Jared Wheatley finds inspiration in some of the most unlikely places.
A dual citizen of the Cherokee Nation and the U.S., the Asheville resident was at Blue Ridge Sign Supply in early fall when he overheard an older gentlemen in front of him place an order for a “No trespassing” sign with an image of a gun on it. Witnessing how serious the fellow customer was about the ownership of his land, Wheatley’s mind went to his own work as founder of the Indigenous Walls Project, which seeks to reclaim visibility, space and social dialogue for Indigenous artists and culture.
“I was like, ‘Hold on here. I want some signs, too,’” Wheatley says.
Store manager Kyle McClanahan, who’s helped Wheatley with various print projects, asked what he’d like on the sign. The concept was immediate, Wheatley recalls. “You are on Cherokee land,” he replied and ordered 30 copies. The exchange, he notes, visibly distressed his fellow customer.
“You could see he was real upset — like, all of the sudden, maybe he was feeling a little bit more aware about the statements he was making about his own property,” says Wheatley, who immediately saw great potential for his new signs. “When you find that inspiration, you do a little something and put it out there to the world — see what the world has to say. And people were real responsive, so then that becomes the move.”
Spreading the word(s)
The fully aluminum signs are made to N.C. Department of Transportation specifications. Individuals or businesses that want to purchase one can send Wheatley a direct message via the Indigenous Walls Project’s Instagram account (@indigenouswallsproject) or buy directly from Horse + Hero art gallery downtown. One hundred dollars pays for two signs.
“One goes to the individual, and then one goes to the wild,” Wheatley says. “That’s what I say because we put these out in Buncombe County and anywhere from Virginia down to North Georgia and beyond.”
Though the sign’s words came to him almost as an epiphany at Blue Ridge Sign Supply, Wheatley feels that the message is an especially powerful one because it presents an indisputable concept that crosses the political divide.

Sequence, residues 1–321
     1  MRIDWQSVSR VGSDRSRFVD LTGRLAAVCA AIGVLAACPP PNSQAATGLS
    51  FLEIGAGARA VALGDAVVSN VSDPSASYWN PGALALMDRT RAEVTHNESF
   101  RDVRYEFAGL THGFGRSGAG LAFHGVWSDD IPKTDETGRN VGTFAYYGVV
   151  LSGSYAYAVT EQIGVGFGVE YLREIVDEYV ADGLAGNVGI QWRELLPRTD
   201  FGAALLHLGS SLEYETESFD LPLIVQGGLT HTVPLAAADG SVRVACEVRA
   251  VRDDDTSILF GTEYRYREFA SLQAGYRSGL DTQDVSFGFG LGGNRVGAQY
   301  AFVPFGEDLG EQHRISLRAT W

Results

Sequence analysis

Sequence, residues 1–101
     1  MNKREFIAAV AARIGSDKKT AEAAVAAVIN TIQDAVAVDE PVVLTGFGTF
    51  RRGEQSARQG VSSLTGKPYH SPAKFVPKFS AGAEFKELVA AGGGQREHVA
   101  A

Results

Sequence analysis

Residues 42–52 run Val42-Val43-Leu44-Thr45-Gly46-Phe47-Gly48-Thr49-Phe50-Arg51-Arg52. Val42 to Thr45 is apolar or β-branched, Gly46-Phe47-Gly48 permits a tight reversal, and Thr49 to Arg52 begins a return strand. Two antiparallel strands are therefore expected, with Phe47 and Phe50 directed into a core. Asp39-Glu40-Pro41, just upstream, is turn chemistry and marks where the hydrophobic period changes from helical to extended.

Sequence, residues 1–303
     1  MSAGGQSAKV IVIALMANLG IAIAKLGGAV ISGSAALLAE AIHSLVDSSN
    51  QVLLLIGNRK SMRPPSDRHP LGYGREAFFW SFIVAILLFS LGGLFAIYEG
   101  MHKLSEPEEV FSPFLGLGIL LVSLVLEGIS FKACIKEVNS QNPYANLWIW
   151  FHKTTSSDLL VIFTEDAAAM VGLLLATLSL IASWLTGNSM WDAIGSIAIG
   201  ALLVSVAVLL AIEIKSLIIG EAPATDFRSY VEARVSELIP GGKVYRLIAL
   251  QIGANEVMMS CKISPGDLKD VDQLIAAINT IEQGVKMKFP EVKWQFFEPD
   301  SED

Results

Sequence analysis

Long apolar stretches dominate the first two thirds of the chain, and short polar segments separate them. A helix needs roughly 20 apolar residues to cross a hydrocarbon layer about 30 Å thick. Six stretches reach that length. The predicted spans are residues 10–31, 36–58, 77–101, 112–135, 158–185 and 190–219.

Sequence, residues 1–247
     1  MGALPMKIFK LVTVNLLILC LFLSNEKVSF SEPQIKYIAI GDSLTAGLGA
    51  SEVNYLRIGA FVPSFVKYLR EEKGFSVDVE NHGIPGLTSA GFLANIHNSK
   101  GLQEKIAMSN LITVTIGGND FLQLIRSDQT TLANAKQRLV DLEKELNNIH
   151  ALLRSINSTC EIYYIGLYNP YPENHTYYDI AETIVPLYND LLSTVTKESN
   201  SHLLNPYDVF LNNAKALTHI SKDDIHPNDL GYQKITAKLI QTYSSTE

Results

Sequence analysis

“This is a benign sign,” Wheatley says. “You could consider it almost a baby land acknowledgment. Just recognition — nothing special. No deep history, no big claims.”
Wheatley and individual donors have placed signs around town. Several have been taken down, though he’s not sure by whom or where those signs end up. He says that’s not the case with signs placed farther out in Buncombe County away from the central business district.
“It’s almost strange: If you go to a more conservative area, you might have some kind of prejudice, some thought about what political side would be more supportive of this or that statement for sure,” Wheatley says. “But when you put it up in a more rural area, even if it’s high traffic, it stays up longer.”
While he isn’t certain why the signs have remained untouched in nonurban spots, Wheatley finds their removal in downtown Asheville at odds with the city’s purportedly more progressive ways.
Since there are no markings on the signs that are associated with the Indigenous Walls Project or Wheatley, and therefore aren’t easily restored to him, he says the signs that are taken down “are on their own path.” When the prospect is raised of speaking with local officials to ensure the signs remain up, Wheatley quickly rejects the notion. He notes that the organization’s goals are set through its own lens and reflect what feels good to him as an activist and artist, as well as his communications with Cherokee elders and his family.
“We remain — the natives remain — whether folks really like it or recognize it or not,” Wheatley says. “Personally, it doesn’t seem like the most relevant way, the most authentic way to approach the conversation by me needing to go somewhere and ask them, ‘Please recognize that we remain. Please help us.’”
He notes that different populations speak and communicate in distinct ways, and if everyone’s actions and words are funneled through a white bureaucratic lens, Native people aren’t “functioning to decolonize” or “functioning within our sovereign powers as individuals as Indigenous people.
“I’m Cherokee and think about the Cherokee and talk about the Cherokee,” Wheatley says. “But other Indigenous people exist within the City of Asheville. It’s an intertribal community, so there are many people not being represented or spoken for or communicated with.”